Il Kino’s ‘Cinephilia:’ The Art Of Cinematic Surprise

By and large Berlin is a great city for cinema. From the yearly hordes of white rich people gushing over European drama at the Berlinale, to interesting alternative film festivals and excellent weekly genre fare, there is normally something for every type of movie nerd.

My personal favourite is a monthly “surprise” event where a dear friend called Anastasia, from France, selects a secret and fairly unknown or overlooked picture of her choosing. In general it tends to be foreign, can often be black and white, but never, ever, bad. It’s an adventure and an opportunity to place your trust in someone with a superior taste in film.

The night is hosted at the excellent Il Kino in Neukölln where the staff are friendly and the drinks are sexy. Afterwards you can normally find a few of us discussing the film and me shouting about the current state of Hollywood or how horror is the best genre ever. I blame the wine.

The evening is called Cinephilia and here are my top 5 favourite films that I had no clue I was about to watch.

#1: Bunny Lake Is Missing

The film M. Night Shyamalan wishes he made but was 50 years too late. Bunny Lake is a little girl who goes missing… or does she?! Of all the 19 films that have been curated so far, this was probably my favourite. A genuine edge-of-your-seat potboiler that reminds you why sitting in a dark room full of strangers and getting immersed in a story is still the second best thing you can do in a dark room full of strangers.

After watching this you will never trust a greenhouse ever again.

Fun Fact: Bunny Lake had a similar marketing ploy to Hitchcock’s Psycho where punters were refused entry once the feature had begun. Shame that you couldn’t apply this to cinema goers who talk through films today.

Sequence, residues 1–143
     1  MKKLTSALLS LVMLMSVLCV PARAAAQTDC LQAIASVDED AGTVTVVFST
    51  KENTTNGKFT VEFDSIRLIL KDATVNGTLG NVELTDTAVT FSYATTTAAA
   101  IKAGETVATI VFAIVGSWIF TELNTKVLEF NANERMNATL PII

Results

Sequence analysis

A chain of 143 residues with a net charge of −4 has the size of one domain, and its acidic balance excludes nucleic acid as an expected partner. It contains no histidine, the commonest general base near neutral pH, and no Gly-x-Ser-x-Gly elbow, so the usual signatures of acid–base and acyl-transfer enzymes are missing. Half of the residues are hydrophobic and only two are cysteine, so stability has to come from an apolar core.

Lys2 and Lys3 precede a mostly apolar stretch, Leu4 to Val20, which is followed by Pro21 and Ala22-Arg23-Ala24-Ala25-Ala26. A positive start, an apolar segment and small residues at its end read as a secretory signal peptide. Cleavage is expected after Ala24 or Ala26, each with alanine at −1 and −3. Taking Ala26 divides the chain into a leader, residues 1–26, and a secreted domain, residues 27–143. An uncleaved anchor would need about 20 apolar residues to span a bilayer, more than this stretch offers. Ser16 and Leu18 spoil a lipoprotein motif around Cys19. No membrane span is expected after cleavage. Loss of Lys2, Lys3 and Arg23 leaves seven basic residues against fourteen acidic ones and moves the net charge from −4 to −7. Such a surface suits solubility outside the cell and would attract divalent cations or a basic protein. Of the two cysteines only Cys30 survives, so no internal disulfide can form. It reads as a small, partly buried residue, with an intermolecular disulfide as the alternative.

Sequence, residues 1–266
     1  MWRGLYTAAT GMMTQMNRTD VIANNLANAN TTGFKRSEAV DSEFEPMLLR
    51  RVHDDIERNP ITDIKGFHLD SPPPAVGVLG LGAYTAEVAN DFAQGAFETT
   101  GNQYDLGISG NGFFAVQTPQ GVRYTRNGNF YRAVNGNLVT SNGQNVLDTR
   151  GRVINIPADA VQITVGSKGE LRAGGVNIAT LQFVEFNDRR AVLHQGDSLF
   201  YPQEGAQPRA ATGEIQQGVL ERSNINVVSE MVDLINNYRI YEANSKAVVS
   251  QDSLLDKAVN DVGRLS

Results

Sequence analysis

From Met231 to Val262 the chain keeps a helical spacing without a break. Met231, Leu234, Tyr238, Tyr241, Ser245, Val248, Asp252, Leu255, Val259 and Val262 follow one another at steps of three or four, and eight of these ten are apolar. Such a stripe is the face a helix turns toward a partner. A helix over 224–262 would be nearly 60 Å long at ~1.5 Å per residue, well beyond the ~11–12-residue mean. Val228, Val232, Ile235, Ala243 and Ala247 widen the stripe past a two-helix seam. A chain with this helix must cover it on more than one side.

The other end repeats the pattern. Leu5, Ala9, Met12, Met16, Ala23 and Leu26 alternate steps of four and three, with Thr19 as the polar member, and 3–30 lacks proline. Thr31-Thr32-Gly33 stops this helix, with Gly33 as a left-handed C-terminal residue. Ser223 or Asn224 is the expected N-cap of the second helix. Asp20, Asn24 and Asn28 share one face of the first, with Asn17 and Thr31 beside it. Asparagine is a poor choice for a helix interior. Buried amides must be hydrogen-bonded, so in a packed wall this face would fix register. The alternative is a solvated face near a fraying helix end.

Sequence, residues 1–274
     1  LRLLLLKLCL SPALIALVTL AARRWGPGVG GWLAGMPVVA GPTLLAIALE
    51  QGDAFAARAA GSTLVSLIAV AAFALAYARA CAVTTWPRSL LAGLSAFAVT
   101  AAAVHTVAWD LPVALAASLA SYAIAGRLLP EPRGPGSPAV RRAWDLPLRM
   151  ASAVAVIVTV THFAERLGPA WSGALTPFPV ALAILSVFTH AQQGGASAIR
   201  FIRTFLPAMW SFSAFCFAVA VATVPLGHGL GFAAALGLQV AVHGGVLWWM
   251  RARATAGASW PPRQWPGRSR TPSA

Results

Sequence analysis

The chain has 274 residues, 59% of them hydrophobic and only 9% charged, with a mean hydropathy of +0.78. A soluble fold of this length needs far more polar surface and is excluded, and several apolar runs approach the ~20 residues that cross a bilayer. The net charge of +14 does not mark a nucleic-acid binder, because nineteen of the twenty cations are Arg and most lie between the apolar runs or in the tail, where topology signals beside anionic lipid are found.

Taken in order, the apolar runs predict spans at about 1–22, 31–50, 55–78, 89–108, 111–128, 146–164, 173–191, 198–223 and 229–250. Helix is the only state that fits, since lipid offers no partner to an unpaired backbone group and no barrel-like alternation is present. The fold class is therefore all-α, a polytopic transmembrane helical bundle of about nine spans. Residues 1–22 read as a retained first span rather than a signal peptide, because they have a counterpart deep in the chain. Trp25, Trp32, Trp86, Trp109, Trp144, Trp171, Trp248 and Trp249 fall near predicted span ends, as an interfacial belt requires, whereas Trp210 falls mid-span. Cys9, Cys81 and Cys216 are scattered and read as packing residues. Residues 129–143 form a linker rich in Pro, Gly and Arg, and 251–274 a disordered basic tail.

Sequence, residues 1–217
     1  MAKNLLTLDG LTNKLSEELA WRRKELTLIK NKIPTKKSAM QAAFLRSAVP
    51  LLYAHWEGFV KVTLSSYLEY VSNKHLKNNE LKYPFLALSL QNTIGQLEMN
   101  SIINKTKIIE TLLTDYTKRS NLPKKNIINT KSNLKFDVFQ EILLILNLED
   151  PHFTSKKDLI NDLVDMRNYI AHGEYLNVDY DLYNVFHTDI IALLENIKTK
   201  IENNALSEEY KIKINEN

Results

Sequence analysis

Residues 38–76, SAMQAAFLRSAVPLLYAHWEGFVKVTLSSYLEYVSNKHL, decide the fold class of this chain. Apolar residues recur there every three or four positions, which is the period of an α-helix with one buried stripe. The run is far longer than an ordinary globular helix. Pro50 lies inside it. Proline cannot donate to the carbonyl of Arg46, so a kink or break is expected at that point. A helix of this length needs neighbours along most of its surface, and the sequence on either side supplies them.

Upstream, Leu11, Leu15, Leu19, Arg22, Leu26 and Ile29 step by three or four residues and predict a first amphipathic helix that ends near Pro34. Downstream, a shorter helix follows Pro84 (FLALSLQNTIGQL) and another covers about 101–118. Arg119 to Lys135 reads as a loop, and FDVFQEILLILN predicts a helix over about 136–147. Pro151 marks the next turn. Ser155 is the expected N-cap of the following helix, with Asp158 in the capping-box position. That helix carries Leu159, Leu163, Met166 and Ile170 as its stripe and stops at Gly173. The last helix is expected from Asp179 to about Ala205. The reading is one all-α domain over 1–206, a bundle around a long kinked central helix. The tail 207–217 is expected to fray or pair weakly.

#2: Memories Of Murder

Cinephilia previously existed in a similar capacity in Kreuzberg but with more of a soup kitchen vibe and far less comfortable furniture. And it was free. Anyway, Memories of fucking Murder! Get in me.

I believe this was screened before at the previous incarnation but who cares because Bong Joon-ho’s second film is literally one of the best ever made. The end.

Fun fact: This film is perfect and also contains one of cinema’s greatest dropkicks. I mean seriously, at least three people get severely dropkicked in this film, I’m almost tempted to add it to my own conversational repertoire.

Shout out to another superb Korean chiller that was also screened, The Chaser. Check it out!

#3: Plein soleil (Purple Noon)

I’ve seen a lot of films, mostly terrible sure, but Cinephilia has been my gateway drug to so many great movies and this 1960s psycho-drama is a great example of finding a gem after 20+ years of devouring monumental amounts of film. The art form still excites me you see and I can’t think of any other type of media that makes chasing the dragon so worthwhile, even porn.

Fun fact: This was eventually remade by Anthony Minghella as the impressive Talented Mr. Ripley. Interestingly they both play to the different strengths of Patricia Highsmith’s source novel. I had no clue this film even existed and again totally expanded my knowledge of the form.

Plus, Alain Delon is cool as shit.

#4: Three Days Of The Condor

ROBERT REDFORD

Yes.

You may be mistaken in thinking that Cinephilia only screen thriller or horror movies, but other genres are given just as much spotlight each month. From classic drama to comedy, documentaries and romance, the selection is very eclectic; I just lean more towards pure evil than people talking about their feelings.

Number four is a superior paranoid ’70s political thriller with an insane cast and the first twenty minutes is palm-soakingly tense. I had seen this before many years ago but it was a bloody treat to re-watch a classic.

Fun Fact: Robert Redford.

#5: Peeping Tom

Oh Michael Powell. Somewhat under-appreciated in his time, he basically invented the slasher film with this voyeuristic horror about a camera man who can’t get an erection so he violently films himself murdering women. We all need goals.

It’s a masterpiece and essentially ruined Powell’s career but it is a perfect example of a film that a lot of people might have heard of but never seen.

Fun Fact: Powell was married to Thelma Schoonmaker, who edited all of Martin Scorsese’s films since Raging Bull. Scorsese has been a strong force behind the eventual re-discovery of this lost classic.

 

Cinephilia takes places on the first Wednesday of every month at Il Kino, Nansenstraße 22 from 8pm. It’s a great presentation of films that entertain and challenge audiences, I strongly suggest that you check it out.

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